As the researchers put it, “Tumor cell GSH concentration may be among the determinants of the cytotoxicity [poisonous to cells] of many chemotherapeutic agents and of radiation, and an increase in GSH concentration appears to be at least one of the mechanisms of acquired drug resistance to chemotherapy.”
They further state, “It is well-known that rapid GSH synthesis in tumor cells is associated with high rates of cellular proliferation. Depletion of tumor GSH in vivo decreases the rate of cellular proliferation and inhibits cancer growth.”
The problem is, it’s difficult to reduce glutathione sufficiently in tumor cells without placing healthy tissue at risk and putting the cancer patient in a worse condition. What is needed is a compound that can selectively deplete the cancer cells of their glutathione, while increasing, or at least maintaining, the levels of glutathione in healthy cells.
This is exactly what whey protein appears to do. In this new research it was found that cancer cells subjected to whey proteins were depleted of their glutathione, and their growth was inhibited, while normal cells had an increase in GSH and increased cellular growth.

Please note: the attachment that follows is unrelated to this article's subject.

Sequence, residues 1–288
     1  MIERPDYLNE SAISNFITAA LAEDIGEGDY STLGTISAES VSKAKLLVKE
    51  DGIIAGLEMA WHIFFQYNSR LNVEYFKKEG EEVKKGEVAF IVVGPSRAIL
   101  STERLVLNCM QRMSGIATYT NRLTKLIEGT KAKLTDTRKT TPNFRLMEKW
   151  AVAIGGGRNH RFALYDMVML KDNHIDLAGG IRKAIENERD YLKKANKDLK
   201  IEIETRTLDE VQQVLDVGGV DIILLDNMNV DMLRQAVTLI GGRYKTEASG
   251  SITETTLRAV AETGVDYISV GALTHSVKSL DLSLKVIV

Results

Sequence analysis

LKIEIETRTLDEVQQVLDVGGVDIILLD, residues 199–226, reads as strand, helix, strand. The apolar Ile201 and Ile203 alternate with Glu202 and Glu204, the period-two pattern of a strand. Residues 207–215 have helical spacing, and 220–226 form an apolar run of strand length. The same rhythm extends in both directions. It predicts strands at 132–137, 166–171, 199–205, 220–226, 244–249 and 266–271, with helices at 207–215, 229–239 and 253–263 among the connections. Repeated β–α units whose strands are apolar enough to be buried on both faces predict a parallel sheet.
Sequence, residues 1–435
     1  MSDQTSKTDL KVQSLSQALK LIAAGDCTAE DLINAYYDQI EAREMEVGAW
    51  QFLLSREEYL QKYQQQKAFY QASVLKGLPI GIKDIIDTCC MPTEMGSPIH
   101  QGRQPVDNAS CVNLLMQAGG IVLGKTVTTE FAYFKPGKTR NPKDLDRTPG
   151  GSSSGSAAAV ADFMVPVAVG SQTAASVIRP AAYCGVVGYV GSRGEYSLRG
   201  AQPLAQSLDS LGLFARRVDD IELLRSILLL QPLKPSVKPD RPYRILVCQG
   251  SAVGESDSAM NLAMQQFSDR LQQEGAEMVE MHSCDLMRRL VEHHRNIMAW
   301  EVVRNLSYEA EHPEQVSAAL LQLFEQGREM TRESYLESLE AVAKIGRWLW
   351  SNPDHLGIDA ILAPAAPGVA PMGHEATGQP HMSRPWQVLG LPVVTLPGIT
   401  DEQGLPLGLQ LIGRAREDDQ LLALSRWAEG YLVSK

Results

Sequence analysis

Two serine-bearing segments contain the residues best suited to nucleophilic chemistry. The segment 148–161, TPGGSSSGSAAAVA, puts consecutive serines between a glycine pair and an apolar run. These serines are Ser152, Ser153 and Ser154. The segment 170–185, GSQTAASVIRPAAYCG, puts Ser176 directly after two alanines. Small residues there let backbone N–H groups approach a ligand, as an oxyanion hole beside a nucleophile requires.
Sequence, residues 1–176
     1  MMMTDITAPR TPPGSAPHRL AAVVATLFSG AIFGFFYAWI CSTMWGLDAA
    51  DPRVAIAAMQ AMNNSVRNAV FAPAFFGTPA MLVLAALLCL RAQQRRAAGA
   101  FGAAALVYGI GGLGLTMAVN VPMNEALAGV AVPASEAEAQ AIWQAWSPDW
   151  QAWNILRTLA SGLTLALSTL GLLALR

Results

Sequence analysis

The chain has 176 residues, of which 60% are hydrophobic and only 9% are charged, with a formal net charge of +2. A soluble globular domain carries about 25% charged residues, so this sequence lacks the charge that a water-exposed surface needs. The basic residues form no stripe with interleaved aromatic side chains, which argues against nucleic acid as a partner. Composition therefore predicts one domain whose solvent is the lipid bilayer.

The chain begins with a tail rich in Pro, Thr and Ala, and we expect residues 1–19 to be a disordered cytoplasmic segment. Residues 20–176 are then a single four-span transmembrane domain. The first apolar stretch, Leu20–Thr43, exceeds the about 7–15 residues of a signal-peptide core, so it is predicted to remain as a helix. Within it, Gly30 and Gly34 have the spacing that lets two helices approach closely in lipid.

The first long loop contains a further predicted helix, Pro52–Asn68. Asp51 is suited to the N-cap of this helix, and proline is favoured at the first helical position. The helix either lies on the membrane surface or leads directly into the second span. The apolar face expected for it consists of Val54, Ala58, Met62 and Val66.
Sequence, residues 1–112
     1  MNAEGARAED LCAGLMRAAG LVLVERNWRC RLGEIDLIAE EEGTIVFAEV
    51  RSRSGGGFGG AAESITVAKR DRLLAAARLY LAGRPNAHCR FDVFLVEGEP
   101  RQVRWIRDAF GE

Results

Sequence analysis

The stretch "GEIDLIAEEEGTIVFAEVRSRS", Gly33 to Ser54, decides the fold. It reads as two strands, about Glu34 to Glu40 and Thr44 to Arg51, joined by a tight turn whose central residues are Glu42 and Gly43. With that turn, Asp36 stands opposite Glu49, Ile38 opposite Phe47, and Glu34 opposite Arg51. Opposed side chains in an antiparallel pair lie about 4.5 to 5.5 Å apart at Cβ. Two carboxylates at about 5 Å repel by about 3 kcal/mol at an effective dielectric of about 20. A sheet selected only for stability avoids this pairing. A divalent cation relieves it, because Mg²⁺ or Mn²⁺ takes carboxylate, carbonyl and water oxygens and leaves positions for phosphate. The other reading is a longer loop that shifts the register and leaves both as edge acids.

These effects were not seen with other proteins. Not surprisingly, the researchers concluded, “Selective depletion of tumor GSH may in fact render cancer cells more vulnerable to the action of chemotherapy and eventually protect normal tissue against the deleterious effects of chemotherapy.” The exact mechanism by which whey protein achieves this is not fully understood, but it appears that it interferes with the normal feedback mechanism and regulation of glutathione in cancer cells.
It is known that glutathione production is negatively inhibited by its own synthesis. Being that baseline glutathione levels in cancer cells are higher than that of normal cells, it is probably easier to reach the level of negative-feedback inhibition in the cancer cells’ glutathione levels than in the normal cells’ glutathione levels.
Whey and LDL Cholesterol
The positive health benefits of whey protein concentrate does not end with its effects on immunity and cancer prevention and treatment. Whey protein concentrate also was found to be a potent inhibitor of oxidized low density lipoprotein cholesterol. Current research suggests that the conversion of LDL to oxidized LDL is the trigger that leads to atherogenesis… the formation of the plaque and lesions associated with atherosclerosis.